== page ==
The WWF's Work with Jaguars

Desiree Michels

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Most wildlife aficionados will be familiar with the high-profile animal conservation group, WWF - the Worldwide Fund for Nature. For those embarking on a Jaguar holiday to the Brazilian Pantanal, the organisation's work in the conservation of the elusive spotted big cat may be of particular interest. An ethically run Jaguar holiday in itself is a valuable tool in raising the profile of the animal, but organisations like the WWF also play a vital role.

Who Are the WWF?

Established in Switzerland, in 1961, the WWF is an international non-governmental agency dedicated to the preservation of the world's wilderness with the aim of reducing our human footprint on the environment. The WWF scientists and policy experts are: “working with partners to create a new kind of global development road map". Concentrating on six areas – oceans, forests, food, climate, wildlife and fresh water – their work focuses on the goals of conserving nature and reducing the most urgent threats to the “diversity of life on Earth".

How WWF are Helping Panthera onca

Panthera onca, the Jaguar, is on the radar of numerous wildlife conservation groups due to its tenuous ‘near threatened’ status, including the WWF.

The organisation works autonomously and also alongside the governments of some South American countries on various projects and initiatives aimed at protecting the survival of the big cat. Requiring large areas of land to hunt, mate and roam, the big cat's original habitat has been decimated by about 65% due to massive deforestation. In Brazil, the WWF has successfully partnered with the country's government to protect significant tracts of Amazonian forests with the specific purpose of preserving habitat.

Having worked in the Amazon region for more than 40 years, they've helped establish wildlife corridors and implemented eco-tourism programmes (including working with Jaguar holiday providers) and sustainable cattle ranching methods in order to minimise human/big cat conflict and reduce the impact of deforestation.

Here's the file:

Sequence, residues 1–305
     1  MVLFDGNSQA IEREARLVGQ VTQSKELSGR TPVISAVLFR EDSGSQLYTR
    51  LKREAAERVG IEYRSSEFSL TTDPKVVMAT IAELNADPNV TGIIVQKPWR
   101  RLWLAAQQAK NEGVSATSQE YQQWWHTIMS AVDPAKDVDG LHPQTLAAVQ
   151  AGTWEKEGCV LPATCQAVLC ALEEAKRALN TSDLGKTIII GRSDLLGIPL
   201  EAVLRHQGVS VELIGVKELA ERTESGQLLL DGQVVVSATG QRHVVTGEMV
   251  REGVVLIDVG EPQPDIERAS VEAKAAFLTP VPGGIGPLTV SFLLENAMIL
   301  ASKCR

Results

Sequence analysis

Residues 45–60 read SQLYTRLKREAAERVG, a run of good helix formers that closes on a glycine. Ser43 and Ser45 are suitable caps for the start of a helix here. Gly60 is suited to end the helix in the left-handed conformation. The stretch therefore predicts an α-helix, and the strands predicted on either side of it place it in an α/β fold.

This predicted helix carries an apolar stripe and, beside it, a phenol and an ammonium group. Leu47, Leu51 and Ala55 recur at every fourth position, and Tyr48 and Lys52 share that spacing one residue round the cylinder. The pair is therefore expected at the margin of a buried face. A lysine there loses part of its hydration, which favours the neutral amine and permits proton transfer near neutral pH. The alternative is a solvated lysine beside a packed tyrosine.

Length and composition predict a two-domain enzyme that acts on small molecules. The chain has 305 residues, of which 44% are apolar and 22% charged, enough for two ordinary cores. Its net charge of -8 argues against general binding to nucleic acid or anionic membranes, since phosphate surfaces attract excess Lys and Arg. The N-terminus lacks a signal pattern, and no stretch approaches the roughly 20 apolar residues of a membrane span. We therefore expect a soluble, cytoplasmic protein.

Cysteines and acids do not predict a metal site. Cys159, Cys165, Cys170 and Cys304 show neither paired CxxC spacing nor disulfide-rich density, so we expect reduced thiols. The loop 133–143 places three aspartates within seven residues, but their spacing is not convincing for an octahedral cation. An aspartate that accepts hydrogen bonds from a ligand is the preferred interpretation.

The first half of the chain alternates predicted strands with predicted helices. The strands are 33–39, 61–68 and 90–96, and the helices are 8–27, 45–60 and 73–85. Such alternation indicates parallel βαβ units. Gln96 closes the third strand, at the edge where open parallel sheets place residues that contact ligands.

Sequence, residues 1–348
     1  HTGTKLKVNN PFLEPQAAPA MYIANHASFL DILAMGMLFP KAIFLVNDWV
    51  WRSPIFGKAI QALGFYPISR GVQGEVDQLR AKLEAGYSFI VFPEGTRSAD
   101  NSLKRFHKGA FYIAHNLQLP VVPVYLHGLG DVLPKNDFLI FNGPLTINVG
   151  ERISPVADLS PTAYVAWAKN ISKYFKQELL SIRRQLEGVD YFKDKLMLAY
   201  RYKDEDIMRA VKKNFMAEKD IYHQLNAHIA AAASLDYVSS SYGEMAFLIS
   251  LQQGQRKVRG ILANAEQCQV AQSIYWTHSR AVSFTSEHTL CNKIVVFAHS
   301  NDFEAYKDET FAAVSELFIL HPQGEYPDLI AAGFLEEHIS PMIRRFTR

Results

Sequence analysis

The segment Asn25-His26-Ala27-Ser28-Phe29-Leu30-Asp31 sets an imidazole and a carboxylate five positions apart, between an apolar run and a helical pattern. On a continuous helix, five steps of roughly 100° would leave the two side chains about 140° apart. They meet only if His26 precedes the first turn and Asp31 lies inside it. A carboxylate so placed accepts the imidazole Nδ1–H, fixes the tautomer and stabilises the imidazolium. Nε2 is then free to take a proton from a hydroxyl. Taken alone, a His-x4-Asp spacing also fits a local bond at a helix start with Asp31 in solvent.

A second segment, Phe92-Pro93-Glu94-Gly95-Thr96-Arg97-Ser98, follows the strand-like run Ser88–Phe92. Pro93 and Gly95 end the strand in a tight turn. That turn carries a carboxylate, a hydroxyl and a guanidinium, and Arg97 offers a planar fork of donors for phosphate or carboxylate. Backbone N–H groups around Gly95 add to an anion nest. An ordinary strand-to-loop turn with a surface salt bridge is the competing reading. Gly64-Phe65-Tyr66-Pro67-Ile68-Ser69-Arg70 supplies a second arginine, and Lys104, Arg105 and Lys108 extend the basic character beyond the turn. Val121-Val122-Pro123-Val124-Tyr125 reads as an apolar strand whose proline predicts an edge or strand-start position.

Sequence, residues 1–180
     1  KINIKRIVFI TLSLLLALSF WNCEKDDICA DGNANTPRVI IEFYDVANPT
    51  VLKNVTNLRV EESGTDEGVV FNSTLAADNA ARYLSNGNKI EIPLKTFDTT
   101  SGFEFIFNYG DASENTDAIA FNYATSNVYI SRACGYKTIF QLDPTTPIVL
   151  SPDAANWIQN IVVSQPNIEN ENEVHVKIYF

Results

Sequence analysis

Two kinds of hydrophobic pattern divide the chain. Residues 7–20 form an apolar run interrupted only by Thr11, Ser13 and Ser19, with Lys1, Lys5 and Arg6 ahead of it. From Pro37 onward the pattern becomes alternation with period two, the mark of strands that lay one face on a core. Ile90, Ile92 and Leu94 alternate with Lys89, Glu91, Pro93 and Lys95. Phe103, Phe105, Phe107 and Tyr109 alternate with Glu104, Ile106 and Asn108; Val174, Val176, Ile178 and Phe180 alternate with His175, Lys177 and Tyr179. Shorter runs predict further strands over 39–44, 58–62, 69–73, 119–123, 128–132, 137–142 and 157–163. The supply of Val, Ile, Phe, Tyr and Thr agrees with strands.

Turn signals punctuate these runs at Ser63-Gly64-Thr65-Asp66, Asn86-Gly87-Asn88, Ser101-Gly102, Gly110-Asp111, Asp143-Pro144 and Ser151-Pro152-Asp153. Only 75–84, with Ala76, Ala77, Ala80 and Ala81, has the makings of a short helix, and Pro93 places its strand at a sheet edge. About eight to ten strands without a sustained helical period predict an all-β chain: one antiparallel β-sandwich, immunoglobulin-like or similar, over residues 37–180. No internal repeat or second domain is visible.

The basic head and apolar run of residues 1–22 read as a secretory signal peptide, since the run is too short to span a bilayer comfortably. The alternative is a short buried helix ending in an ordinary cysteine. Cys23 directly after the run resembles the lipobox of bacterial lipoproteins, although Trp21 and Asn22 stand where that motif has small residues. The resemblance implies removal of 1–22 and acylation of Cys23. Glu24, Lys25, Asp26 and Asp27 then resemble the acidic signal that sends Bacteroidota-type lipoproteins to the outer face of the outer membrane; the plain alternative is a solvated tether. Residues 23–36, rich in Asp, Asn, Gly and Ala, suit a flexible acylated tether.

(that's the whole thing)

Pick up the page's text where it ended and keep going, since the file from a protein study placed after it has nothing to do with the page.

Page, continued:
In Peru, the WWF has implemented a number of initiatives to track the big cats. They use camera traps and other data collection methods to gather information that helps conservationists learn more about the animal and its habitat in order to influence decision makers. The WWF scientists and field workers are also training members of the local communities to monitor the wildlife of their own region.

Adopt a Jaguar

On a commercial level, the WWF solicits donations to help with its programmes via their website, but the Adopt a Jaguar programme is another way they're raising money and awareness. The programme offers symbolic “adoptions” of the animals, and those who purchase the USD$55 kit for themselves or as a gift receive a 12" plush stuffed big cat, a photo, a species card and an adoption certificate. There's also the option of a “virtual adoption” without receiving the items in the kit, which maximises the financial impact of the donation. The WWF is just one of the important conservation organisations dedicated to the preservation of this most magnificent of big cats – Panthera onca.

Marissa Ellis-Snow is a freelance nature writer with a special interest in Jaguar watching. Being passionate about her subject, Marissa chooses the expert-led Jaguar holiday itineraries organised by Naturetrek, which have brought her unforgettable sightings of a wide range of wildlife in some of the most spectacular regions on Earth.


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